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Original libretto by Carl Haffner & Richard Genée
English translation by Ruth & Thomas Martin
English dialogue adapted by Bill Fabris
World Première: Theater an der Wien, Vienna - April 5, 1874
Two characteristics distinguish operetta (literally small opera) from grand opera. First, operettas include spoken dialogue rather than sung recitatives. Second, the music is generally delightful, effervescent, and without the dramatic impulse of grand opera music. The melodies are always memorable, and in no operetta is this more true than in Die Fledermaus. This beloved operetta opens with the famous overture.
The Strauss family was Vienna's popular musical aristocracy. Johann Strauss Sr. is acclaimed for having popularized, along with Josef Lanner, the Viennese Waltz throughout Europe. His son, Johann Sebastian Strauss II, would take up the family business, along with his brothers Josef and Eduard, and eventually eclipse his father's compositional achievements, elevating the waltz from a provincial dance into a sparking entertainment for the royal Hapsburg court, with such pieces as The Blue Danube Walt.,
There is much irony in this, since the elder Strauss did not want Johann to become a musician. He encouraged him to avoid the rigors of a musical career and to become a banker. The adolescent Johann had to study in secret, and was not able to fully concentrate on his musical career until he was 17. When his father died suddenly of scarlet fever in 1849, the younger Strauss merged their orchestras and engaged in extensive touring that would win over the Imperial Court and the public alike.
Johann Strauss II would become so influential and highly regarded that the famous Parisian operetta composer Jacques Offenbach suggested that he find a librettist and write an operetta himself. Strauss' first attempt The Merry Wives of Vienna was abandoned, but his second try, entitled Indigo and the 40 Thieves enjoyed much success. So much so that the Viennese impresario, Steiner, bought a script from Offenbach's own librettists, Mielhac and Halevy, which would be adapted into German for Strauss' next venture – Die Fledermaus or The Bat as it is translated into English.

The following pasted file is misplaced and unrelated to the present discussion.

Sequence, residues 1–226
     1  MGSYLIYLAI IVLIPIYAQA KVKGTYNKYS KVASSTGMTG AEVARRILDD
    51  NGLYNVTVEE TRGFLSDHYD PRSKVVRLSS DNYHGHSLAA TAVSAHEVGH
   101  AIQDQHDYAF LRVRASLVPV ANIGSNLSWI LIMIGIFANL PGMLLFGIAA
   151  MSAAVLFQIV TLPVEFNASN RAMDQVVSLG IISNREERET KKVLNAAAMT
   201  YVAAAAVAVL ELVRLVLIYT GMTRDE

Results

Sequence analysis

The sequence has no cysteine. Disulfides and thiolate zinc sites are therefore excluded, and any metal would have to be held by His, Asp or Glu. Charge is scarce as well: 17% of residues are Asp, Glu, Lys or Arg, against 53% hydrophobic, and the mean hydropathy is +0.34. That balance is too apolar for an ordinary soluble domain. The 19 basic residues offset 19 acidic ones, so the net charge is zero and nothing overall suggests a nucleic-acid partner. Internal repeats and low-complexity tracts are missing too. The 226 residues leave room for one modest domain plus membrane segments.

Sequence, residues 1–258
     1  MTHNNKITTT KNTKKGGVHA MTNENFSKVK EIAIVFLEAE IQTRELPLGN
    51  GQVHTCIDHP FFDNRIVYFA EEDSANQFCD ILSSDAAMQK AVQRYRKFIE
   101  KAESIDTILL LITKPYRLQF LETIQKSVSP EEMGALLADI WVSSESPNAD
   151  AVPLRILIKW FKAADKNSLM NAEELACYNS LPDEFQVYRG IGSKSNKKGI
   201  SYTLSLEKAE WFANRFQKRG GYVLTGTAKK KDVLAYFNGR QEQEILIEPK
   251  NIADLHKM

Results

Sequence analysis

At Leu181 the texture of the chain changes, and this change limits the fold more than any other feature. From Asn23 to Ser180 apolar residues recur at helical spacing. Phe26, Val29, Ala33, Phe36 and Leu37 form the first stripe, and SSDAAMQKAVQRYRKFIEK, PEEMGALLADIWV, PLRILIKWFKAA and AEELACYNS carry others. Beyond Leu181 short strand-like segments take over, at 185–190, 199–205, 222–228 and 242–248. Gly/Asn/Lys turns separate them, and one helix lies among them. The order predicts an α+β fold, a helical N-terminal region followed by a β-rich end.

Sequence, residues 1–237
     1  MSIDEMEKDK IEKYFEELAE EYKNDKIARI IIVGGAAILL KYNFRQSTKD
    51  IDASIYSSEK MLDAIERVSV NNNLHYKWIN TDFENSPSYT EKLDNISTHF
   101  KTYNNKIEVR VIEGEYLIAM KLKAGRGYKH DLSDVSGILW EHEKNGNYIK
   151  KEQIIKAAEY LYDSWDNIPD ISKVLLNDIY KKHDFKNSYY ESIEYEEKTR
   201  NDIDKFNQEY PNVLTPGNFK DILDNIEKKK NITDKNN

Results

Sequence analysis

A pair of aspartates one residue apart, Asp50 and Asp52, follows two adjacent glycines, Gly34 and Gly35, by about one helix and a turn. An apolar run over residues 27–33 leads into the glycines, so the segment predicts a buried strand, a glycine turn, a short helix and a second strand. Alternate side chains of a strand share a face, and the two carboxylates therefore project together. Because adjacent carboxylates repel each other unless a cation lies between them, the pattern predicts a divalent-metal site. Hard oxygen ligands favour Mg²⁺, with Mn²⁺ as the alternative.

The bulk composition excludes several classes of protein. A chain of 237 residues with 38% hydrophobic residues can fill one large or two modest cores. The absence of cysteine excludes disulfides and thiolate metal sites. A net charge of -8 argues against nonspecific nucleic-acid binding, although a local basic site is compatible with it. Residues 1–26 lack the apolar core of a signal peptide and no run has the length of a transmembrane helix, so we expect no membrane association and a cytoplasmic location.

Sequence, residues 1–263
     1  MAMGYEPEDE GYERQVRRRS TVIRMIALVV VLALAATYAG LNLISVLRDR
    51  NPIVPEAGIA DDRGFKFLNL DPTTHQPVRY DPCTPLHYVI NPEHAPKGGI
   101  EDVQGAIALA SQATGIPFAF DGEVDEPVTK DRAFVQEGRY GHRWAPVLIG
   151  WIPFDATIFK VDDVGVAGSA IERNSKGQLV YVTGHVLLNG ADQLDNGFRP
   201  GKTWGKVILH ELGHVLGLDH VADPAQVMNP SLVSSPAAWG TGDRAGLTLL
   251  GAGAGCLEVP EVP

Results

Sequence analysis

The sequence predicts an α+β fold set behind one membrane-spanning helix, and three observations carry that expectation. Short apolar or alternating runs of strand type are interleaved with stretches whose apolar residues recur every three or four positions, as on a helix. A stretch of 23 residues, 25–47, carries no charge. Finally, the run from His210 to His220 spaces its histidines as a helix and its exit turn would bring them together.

The new operetta was premiered in April 1874, and its triumphant premiere was followed by similar success in Berlin, Hamburg and Paris, probably to the chagrin of Offenbach himself. But to Strauss' friends, among which were Wagner, Brahms and Richard Strauss (not related), his music was loved and admired; so much so that when composing the waltzes for his Der Rosenkavalier, Richard Strauss referred to the Waltz King with this comment -- "How could I forget the laughing genius of Vienna?"
For more information about Die Fledermaus, download An Irreverent Guide for Enjoying: Johann Strauss' (II) Die Fledermaus (The Bat or if you prefer, The Flutter Mouse) (PDF).
ACT II. In an antechamber at the palace of Prince Orlofsky, the nobleman's guests, Adele and her cousin Ida among them, await the arrival of their host. Orlofsky enters, quite bored — even with Falke's promise of a comedy of errors. The prince proclaims his guests free to do anything that suits their fancy — "Chacun à son gout." Adele, dressed in one of Rosalinde's most elegant gowns, laughs off Eisenstein's suggestion that she resembles his wife's chambermaid. Frank enters, and Rosalinde, also invited by Falke, arrives disguised as a temperamental Hungarian countess; she is soon wooed by her own reeling husband, whose pocket watch she steals to hold as proof of his philandering. Rosalinde agrees to sing a song about her "native" land, a spirited czardas, after which the guests move on to a magnificent dining area to toast the joys of wine, good fellowship and love. Champagne flows, and the guests dance wildly until dawn. When the clock strikes six, Eisenstein staggers off to keep his appointment at the jail.